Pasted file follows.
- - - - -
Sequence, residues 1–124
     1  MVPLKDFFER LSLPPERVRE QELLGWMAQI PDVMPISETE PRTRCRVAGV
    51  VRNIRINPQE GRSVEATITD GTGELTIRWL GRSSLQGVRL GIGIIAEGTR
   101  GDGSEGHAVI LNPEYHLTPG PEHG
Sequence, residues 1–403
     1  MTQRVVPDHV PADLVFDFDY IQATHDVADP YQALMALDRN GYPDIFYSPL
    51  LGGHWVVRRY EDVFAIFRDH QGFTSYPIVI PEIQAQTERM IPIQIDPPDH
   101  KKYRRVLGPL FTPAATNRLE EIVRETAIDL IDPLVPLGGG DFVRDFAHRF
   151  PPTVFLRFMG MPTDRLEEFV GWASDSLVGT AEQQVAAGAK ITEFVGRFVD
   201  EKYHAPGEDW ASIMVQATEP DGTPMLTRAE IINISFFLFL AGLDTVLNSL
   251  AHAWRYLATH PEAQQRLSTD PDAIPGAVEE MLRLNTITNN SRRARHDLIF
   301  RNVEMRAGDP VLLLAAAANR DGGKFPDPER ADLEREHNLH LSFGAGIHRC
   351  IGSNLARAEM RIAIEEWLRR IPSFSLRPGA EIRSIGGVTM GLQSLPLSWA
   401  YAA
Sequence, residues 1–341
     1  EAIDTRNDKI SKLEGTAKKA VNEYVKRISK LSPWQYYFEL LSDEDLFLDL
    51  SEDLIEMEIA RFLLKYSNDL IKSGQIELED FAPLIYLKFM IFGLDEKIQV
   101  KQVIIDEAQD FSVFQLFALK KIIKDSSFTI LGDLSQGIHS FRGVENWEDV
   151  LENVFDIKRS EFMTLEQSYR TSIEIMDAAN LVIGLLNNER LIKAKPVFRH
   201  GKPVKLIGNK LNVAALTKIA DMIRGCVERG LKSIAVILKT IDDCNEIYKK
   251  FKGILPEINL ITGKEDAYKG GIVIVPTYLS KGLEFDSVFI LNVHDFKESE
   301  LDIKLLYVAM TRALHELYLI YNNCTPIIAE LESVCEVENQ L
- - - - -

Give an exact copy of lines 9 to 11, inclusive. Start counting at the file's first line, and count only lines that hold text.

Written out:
   151  PPTVFLRFMG MPTDRLEEFV GWASDSLVGT AEQQVAAGAK ITEFVGRFVD
   201  EKYHAPGEDW ASIMVQATEP DGTPMLTRAE IINISFFLFL AGLDTVLNSL
   251  AHAWRYLATH PEAQQRLSTD PDAIPGAVEE MLRLNTITNN SRRARHDLIF